Canada is sending seeds to Ukraine, including fast-growing buckwheat, to help out with a food crisis sparked by the Russian invasion, says Agriculture Minister Marie-Claude Bibeau.
Ukraine, like Canada, is one of the world's biggest exporters of wheat and supplies many countries in Africa, Asia and the Middle East, as well as the UN World Food Program.
Ukraine's government has asked Canada to send seeds as well as testing equipment to certify grain being transported by rail through Europe. Russia has blockaded Ukraine's ports, including Odesa, and Ukraine's silos are bursting with grain from its last harvest, which it cannot export.
Buckwheat, used to make soba noodles, has a shorter growing season than wheat, making it easier to cultivate for Ukraine's hard-pressed farmers.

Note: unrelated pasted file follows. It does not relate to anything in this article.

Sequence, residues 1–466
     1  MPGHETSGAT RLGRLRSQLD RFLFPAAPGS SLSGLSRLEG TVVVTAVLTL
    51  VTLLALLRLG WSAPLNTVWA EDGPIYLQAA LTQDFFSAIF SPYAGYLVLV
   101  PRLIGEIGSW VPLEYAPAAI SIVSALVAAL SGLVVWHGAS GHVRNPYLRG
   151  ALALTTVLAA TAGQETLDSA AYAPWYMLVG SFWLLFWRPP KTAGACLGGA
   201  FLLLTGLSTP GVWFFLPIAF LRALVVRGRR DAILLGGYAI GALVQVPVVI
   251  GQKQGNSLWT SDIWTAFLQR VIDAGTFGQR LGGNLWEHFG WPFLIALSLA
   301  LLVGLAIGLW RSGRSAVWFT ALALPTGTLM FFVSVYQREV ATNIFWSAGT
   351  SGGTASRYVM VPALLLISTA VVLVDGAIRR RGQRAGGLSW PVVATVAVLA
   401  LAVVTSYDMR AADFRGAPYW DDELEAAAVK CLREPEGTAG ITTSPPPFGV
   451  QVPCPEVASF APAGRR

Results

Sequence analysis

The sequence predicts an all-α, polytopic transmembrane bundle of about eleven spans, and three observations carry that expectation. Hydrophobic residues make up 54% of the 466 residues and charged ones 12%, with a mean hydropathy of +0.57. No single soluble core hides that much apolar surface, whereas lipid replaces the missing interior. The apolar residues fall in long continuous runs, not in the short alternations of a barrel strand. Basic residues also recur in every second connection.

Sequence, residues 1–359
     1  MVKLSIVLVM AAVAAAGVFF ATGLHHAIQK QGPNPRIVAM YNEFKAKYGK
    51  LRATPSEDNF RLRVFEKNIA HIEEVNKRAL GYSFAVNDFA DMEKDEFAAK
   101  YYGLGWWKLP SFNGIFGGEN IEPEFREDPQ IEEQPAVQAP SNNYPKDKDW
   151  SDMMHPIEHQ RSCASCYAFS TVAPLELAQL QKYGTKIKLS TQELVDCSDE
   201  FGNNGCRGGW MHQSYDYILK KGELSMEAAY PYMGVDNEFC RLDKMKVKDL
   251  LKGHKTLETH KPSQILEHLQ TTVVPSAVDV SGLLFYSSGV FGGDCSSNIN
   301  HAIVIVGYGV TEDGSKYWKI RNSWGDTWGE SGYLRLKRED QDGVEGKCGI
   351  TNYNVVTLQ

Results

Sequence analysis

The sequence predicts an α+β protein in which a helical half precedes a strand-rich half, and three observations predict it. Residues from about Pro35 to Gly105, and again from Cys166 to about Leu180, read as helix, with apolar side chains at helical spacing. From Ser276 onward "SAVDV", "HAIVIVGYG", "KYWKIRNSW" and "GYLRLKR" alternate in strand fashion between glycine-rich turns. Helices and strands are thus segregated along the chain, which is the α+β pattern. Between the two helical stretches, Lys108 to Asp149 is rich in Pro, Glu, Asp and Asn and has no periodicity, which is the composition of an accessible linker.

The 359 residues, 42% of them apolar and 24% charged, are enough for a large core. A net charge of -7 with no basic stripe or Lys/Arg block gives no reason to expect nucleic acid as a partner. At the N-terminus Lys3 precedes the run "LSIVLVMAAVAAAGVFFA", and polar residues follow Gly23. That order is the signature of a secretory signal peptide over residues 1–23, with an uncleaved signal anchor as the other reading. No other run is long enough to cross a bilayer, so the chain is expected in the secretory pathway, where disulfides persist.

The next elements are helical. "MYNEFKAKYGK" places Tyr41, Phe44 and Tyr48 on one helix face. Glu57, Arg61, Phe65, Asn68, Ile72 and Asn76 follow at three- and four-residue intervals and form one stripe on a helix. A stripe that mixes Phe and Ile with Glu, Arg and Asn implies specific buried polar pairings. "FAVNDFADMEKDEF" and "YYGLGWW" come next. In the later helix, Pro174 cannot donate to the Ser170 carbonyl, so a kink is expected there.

Bibeau said Canada is also shipping mobile silos to Ukraine to store grain.
“This is a kind of storage that can be installed very quickly,” Bibeau said in an interview on Friday.
Bibeau said Canadian farmers "want to step up" to help alleviate the world food shortage stemming from the invasion.
She said the government and Canada’s grain producers are “all hands on deck” to get as much grain to developing countries facing hunger as they can.
Canada’s grain growers are well aware of the global food shortages following the Russian invasion, she said, and are “really trying their best to produce more.”
“If we compare it to last year, which was a very bad year because of the drought, we hope to have about 44 per cent more production this year,” Bibeau said.Click here to see more...